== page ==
An update about this week
[A lot has happened this month. My last post discussed the timing of my needed urgent surgery. I was told that because of insurance reasons I would not know until the day before the surgery but they would go ahead and schedule it. So the surgery was scheduled for Tuesday, December 29th. Because insurance offices were already closed for the holidays, we would not know officially until Monday December 28th if it would be approved (even though it’s an urgent surgery I supposed their protocols require attention since the surgery would be before the end-of-the year). Well, I got the call and the surgery is on for tomorrow. The next time you see a picture of me, my hair will be a lot shorter. Tomorrow at 9am I report to the hospital for another craniotomy to remove the dead brain tissue. It’s been a difficult month and the anticipation leading up to this surgery has been brutal. The drugs I’ve been on to keep my brain swelling in check have worked well for my brain but my body is ready to surrender to the needed recovery that will have to take place over this next week. There has been a lot of anxiety, shaking, crying, and insomnia. It’s been hard to bare that during Christmas. I’m looking forward to getting this done, getting back home and recovering and starting to feel like myself again.
Paige is going into full caretaker-mode and will be my visitor during my hospital stay. We still don’t know yet how that fully works and won’t until tomorrow. I have some family driving up to see me but with COVID protocols it’s all a mess so we all just have to wait and see. It’s a lot of impossible situations.
Thank you all for your support and prayers. If you’d like to do something for me or my family during my recovery, please wait until I get home from the hospital and I’ll get the word out about what can be done (meals, etc.).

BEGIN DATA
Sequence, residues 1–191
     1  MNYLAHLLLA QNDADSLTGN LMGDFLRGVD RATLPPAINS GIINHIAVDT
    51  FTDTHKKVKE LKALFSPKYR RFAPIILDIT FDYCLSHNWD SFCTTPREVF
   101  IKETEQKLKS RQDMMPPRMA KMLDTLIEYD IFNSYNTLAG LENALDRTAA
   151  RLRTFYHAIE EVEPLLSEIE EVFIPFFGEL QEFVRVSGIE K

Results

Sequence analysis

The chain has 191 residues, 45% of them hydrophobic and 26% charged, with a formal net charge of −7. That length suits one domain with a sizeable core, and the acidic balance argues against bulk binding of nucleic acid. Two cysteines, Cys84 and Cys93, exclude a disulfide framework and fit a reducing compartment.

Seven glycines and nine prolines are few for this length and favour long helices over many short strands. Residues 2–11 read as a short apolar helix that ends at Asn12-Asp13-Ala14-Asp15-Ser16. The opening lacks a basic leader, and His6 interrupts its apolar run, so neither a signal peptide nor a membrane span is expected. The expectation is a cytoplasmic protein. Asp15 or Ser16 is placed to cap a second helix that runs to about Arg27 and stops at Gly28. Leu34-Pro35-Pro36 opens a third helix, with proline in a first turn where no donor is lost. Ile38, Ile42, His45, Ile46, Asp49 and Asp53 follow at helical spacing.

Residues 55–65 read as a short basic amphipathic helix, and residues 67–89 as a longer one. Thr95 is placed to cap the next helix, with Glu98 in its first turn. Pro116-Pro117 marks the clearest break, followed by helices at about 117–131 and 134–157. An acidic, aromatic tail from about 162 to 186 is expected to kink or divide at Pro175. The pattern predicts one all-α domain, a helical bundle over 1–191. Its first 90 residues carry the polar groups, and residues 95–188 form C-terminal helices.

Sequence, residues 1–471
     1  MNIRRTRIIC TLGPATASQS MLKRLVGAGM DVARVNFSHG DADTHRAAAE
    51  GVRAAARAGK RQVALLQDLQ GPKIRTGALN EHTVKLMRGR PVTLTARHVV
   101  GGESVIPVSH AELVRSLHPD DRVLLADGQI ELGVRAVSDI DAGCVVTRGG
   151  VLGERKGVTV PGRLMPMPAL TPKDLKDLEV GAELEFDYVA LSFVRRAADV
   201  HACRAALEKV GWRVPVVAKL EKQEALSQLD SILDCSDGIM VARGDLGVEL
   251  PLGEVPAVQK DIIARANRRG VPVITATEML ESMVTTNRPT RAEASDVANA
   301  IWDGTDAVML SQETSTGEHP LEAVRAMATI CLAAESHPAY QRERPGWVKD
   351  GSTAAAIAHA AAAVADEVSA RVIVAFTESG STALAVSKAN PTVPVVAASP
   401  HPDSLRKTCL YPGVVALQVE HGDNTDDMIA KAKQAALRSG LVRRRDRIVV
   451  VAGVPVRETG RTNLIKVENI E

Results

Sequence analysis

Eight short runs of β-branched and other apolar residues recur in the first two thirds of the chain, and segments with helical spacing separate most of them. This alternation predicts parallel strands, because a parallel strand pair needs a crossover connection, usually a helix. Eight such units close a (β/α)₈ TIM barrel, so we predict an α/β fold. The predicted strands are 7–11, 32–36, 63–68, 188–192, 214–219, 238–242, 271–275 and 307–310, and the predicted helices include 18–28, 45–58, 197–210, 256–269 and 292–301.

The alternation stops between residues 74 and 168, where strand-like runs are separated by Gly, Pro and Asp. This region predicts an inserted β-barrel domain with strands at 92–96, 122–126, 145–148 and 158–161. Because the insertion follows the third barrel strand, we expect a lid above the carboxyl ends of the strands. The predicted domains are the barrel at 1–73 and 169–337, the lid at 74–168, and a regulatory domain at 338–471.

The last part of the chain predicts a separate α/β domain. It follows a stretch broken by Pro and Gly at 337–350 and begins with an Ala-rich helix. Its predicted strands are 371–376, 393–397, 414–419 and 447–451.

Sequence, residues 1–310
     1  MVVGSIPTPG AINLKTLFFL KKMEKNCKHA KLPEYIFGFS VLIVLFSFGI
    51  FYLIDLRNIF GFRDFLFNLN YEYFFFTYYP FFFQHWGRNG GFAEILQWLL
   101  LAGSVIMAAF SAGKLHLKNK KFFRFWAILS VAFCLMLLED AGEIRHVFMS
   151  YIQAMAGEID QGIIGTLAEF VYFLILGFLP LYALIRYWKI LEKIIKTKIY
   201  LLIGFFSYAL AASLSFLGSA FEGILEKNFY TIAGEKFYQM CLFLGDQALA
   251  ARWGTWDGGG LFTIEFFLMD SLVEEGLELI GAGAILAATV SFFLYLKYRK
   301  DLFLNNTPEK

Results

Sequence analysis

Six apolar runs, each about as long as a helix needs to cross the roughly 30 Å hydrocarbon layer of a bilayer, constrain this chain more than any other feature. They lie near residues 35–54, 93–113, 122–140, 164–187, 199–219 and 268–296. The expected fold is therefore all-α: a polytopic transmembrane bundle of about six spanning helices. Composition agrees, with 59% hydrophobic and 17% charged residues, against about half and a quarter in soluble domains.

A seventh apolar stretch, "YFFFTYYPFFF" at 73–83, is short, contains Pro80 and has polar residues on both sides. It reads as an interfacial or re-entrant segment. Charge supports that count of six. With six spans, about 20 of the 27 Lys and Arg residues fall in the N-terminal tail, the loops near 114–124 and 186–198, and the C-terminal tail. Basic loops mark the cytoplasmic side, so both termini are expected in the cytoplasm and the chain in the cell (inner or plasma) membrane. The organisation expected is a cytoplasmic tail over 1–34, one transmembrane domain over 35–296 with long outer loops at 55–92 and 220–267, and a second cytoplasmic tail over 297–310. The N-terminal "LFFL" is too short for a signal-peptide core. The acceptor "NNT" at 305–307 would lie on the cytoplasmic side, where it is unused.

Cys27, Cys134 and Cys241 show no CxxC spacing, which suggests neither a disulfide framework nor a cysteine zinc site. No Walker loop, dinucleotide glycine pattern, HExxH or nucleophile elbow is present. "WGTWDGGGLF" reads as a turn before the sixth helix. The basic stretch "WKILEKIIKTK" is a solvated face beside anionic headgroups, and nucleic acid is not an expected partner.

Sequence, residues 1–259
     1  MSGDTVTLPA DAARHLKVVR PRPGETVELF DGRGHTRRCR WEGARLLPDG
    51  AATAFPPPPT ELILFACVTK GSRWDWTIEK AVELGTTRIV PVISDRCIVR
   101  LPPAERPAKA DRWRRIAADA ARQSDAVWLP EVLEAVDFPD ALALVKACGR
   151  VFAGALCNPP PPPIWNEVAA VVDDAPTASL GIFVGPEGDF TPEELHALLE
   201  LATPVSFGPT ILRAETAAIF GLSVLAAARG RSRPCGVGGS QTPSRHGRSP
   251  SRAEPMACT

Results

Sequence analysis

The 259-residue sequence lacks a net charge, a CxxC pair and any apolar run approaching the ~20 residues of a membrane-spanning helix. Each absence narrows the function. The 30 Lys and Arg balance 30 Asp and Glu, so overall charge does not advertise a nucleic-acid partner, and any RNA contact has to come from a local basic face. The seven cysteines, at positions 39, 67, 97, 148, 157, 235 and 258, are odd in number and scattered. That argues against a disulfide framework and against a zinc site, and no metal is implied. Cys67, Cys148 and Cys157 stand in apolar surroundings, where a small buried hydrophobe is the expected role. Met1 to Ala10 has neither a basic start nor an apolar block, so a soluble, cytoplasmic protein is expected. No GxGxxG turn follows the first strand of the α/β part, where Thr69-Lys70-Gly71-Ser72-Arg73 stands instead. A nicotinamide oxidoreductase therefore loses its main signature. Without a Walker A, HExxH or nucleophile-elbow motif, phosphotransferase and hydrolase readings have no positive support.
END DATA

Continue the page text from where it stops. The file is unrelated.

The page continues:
I plan on blogging during my recovery. From what I understand, my limitations and restrictions will be the same as before. So we’ll just have to see.]
Some news about the direction of the blog
I haven’t posted in a while. It’s not because I haven’t been writing. It’s because since the seizure I’ve been thinking a great deal about what I want this blog to be and some goals that I have in mind.
After a lot of thought and discussion with Paige, the wisest one in the household, I’d like this blog to start featuring survivialship stories. I believe there is a critical need for positive survival stories for those facing cancer or those who have a loved one facing cancer. I sought those out when I underwent my treatment and I clung to those stories like rosary beads. Even with my limited reintroduction to the world, I’ve heard other success stories in my own community and want to share them. I don’t want to focus on figures that can take private jets to the most advanced medical centers in the world for the best treatment. Rather, I’d like to focus on people and families you and I would come across in our daily lives. And there are so many stories. Cancer is not going away. But we keep surviving and it’s import to keep reminding ourselves of that. Our stories not only contain the heavy pathos and revelations that only those who’ve stood next to death can feel. But these stories contain details– details that may help you, or someone in your family who may be affected by cancer. If there’s even a chance that it helps only one person then let’s keep sharing these stories.